This is so true, I’m going through the same problem as you (it’s normal since we are from the same country). By the way the industry works here, we probably need to make a portfolio or reel for each part of our skills. I’m considering at least the portfolio part, making one for Game-Art and other for “Other Stuff” I usually like to do (additional skills), in the end I might need to do the reel for both aswell.

Your question is very hard to answer, but this is what I advise to you, do a reel of animation if that’s what you want to pursue as a career. I say this because you probably have a lot of motivation to animate a character, but to create it and put textures in it you probably don’t have motivation at all and in the end that may cause some quality lacking reel (that’s what I think). Get free models you can use to animate or create simples ones, like stickmans and such and animate them (if you get free models, don’t forget to credit the creator). That’s what I would do, although you must be aware of how to model and texture, you don’t need to master it, if you want to be a animator, but understand it, in order to make it a addtional skill.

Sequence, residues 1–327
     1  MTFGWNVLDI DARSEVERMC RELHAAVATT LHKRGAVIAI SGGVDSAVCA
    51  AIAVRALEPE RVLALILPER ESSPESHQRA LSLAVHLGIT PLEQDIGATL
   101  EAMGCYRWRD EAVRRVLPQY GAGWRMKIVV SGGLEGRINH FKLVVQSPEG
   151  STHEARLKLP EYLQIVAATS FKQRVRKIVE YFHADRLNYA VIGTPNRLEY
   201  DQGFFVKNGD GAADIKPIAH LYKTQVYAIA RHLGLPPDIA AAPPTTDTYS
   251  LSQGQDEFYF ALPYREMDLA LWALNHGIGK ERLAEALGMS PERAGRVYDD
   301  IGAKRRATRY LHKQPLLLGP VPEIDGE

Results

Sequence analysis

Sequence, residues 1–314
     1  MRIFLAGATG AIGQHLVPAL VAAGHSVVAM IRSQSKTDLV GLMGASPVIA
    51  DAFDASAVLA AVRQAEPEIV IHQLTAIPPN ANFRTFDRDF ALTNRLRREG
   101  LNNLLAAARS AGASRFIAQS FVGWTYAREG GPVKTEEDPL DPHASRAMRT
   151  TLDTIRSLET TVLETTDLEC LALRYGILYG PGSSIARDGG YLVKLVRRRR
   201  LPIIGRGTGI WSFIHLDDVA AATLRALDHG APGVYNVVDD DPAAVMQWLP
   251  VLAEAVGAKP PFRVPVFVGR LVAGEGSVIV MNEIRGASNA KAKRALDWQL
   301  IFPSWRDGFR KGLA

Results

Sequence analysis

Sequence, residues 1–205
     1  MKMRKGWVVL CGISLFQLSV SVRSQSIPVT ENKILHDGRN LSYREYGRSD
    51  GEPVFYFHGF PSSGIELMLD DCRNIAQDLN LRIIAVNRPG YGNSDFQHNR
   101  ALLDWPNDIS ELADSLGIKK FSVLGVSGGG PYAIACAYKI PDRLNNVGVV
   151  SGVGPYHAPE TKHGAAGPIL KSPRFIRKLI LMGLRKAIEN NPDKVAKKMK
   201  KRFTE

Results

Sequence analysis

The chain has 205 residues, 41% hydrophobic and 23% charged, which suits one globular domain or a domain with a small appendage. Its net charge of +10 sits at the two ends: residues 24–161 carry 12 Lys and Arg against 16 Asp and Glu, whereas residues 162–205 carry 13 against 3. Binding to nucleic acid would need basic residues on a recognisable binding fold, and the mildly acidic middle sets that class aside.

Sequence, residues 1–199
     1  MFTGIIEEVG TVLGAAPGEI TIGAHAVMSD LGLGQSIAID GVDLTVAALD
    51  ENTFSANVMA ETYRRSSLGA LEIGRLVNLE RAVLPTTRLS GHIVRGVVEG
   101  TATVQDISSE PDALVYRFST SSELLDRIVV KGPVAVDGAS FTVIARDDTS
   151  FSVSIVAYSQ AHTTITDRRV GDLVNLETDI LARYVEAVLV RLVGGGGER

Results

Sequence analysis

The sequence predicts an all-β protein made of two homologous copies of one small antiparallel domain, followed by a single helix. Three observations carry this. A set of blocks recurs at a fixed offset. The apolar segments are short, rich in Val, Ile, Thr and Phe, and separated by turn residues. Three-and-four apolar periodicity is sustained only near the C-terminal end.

Firstly, hello all first post here, been lurking for a little while though.

Been reading through the pages of this thread and just want to ask if anyone has been through this hiring situation. Have you been hired but just tried out? And what would you do about that in terms of moving and living. I guess this is more about accomodation than anything else, but what can you do if you get a job somewhere else only to find out you could be out of it in the next few weeks?


You mentioned very little about graduate schools. If you are an artist who has recently discovered animation as an undergraduate do you recommend graduate school? Is it common for people in the industry to have a graduate degree?


Just entering this late:

Most of the people I work with don’t have graduate degrees
A fair number have regular degrees and did a lot of outside learning

A few have masters and they’re more in production/producing

Our lead designer has a PhD in marine biology :smiley: What I am working on has nothing todo with Biology…